DACA recipient Viridiana ‘Viri’ Sanchez, a summer youth organizer for Jolt, an Austin-based nonprofit mobilizing Latinos socially and politically, is taking her activism to the next level by shaping the vision for Quinceañera at the Capitol on Wednesday.
Hosted by Jolt, the July 19th event targets young women in Texas and throughout the country, and encourages them to mobilize and unite against Senate Bill 4, an anti-immigration bill signed into law by Governor Greg Abbott during the most recent legislative session.
mitú met with Sanchez and fellow organizer Maggie Juarez to discuss how Quinceañera at the Capitol came together and how they hope it will help put a stop to SB 4.
What is SB4 and how does it impact Latinos?
“(SB 4) lowered the standard of how people should treat us just because of our skin color,” said Juarez, a daughter of immigrants who resides and attends school in Pflugerville, a suburban community north of Austin. She is choreographing the event’s dances.
SB 4 has been compared to SB 1070, Arizona’s “show me your papers” bill which allows police officers to ask people for proof of their immigration status.
According to the Dallas News, SB 4 will punish cities, counties and universities that prohibit local law enforcement officers from asking about a person’s immigration status.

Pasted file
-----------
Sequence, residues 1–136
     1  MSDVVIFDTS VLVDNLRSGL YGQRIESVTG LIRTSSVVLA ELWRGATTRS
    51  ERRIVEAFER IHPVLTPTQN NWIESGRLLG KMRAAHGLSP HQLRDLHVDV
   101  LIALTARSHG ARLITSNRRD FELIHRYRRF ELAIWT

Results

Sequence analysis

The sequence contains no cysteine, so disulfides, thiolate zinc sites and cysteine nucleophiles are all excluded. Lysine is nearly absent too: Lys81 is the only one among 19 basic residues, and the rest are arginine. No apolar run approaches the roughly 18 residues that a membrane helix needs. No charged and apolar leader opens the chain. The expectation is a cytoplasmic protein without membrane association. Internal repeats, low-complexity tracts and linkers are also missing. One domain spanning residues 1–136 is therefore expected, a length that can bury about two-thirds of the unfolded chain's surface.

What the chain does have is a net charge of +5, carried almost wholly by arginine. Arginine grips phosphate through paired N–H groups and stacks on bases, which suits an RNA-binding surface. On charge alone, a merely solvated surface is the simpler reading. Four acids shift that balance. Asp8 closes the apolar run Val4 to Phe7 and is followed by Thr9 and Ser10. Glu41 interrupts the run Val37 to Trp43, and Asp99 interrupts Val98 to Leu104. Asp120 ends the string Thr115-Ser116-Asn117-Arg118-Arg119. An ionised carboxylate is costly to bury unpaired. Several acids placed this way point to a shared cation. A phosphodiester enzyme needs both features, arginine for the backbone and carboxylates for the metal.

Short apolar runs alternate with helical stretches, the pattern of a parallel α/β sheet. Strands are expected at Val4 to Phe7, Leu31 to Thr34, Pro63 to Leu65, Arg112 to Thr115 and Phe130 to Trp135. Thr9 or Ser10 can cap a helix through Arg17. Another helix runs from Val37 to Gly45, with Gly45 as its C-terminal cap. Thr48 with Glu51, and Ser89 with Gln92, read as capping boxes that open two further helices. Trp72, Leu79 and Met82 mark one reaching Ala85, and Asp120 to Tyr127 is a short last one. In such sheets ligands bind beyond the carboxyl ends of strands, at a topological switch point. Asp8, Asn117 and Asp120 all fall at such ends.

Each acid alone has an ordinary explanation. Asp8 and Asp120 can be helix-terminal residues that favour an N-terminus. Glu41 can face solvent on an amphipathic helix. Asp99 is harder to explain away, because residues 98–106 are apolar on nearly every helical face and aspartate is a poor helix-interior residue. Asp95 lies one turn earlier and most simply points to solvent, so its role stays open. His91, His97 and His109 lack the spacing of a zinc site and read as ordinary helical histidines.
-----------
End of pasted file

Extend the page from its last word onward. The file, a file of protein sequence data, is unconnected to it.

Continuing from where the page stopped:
So how did the idea for Quinceañera at the Capitol come about?
“When Cristina (Tzintzun) started Jolt she encouraged me to become involved,” Sanchez said. “I told her, ‘You do know I am undocumented’ But then I realized we have to show people we have a voice. We don’t have to be scared of SB 4 or (President) Donald Trump.”
The idea for the event came from one of Jolt’s volunteers who witnessed quinceañeras taking photos at the state Capitol during SB 4 action.
Sanchez’s then set out to find 14 girls willing to join her as quinceañeras at the Capitol and have each one participate take turns reciting 15 reasons why they’re against SB 4.
The girls would then do choreographed dances and interact with lawmakers, all while wearing quinceañera gowns in hot summer weather. Some of the girls participating are undocumented like Santos.
What do organizers hope to gain as an outcome?
“We want to show the government that we are connected and not ready to give up,” Sanchez said.
No quinceañera is complete without a valz. These quinceañeras have choreographed dances to ‘Somos Mas Americanos‘ by Los Tigres del Norte and ‘Immigrants (We Get the Job Done)’ from the Hamilton Mixtape.
“We wanted songs true to what it means to be Latino in the United States and how we contribute, including to economic instability,” Sanchez said about why these songs were specifically chosen for the valz.
While there won’t be a baile de sorpresa, organizers encourage chambelanes to appear at the event or show solidarity on social media.
The girls invite Latinos across the country to tag themselves with their quince photos with hashtag #15contrasb4 and #bastaSB4 to show their support.